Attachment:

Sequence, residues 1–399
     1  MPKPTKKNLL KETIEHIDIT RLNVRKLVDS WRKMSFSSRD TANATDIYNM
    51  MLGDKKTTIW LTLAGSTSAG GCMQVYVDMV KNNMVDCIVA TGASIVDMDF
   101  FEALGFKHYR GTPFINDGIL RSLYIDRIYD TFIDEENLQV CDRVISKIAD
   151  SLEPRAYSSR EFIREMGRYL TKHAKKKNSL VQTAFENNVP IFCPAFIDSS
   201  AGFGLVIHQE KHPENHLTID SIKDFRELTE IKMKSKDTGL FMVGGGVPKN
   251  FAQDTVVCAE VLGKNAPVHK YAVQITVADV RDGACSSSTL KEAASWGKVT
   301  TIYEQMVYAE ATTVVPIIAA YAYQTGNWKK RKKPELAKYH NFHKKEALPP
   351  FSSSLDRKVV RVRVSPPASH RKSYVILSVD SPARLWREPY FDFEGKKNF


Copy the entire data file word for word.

Sequence, residues 1–399
     1  MPKPTKKNLL KETIEHIDIT RLNVRKLVDS WRKMSFSSRD TANATDIYNM
    51  MLGDKKTTIW LTLAGSTSAG GCMQVYVDMV KNNMVDCIVA TGASIVDMDF
   101  FEALGFKHYR GTPFINDGIL RSLYIDRIYD TFIDEENLQV CDRVISKIAD
   151  SLEPRAYSSR EFIREMGRYL TKHAKKKNSL VQTAFENNVP IFCPAFIDSS
   201  AGFGLVIHQE KHPENHLTID SIKDFRELTE IKMKSKDTGL FMVGGGVPKN
   251  FAQDTVVCAE VLGKNAPVHK YAVQITVADV RDGACSSSTL KEAASWGKVT
   301  TIYEQMVYAE ATTVVPIIAA YAYQTGNWKK RKKPELAKYH NFHKKEALPP
   351  FSSSLDRKVV RVRVSPPASH RKSYVILSVD SPARLWREPY FDFEGKKNF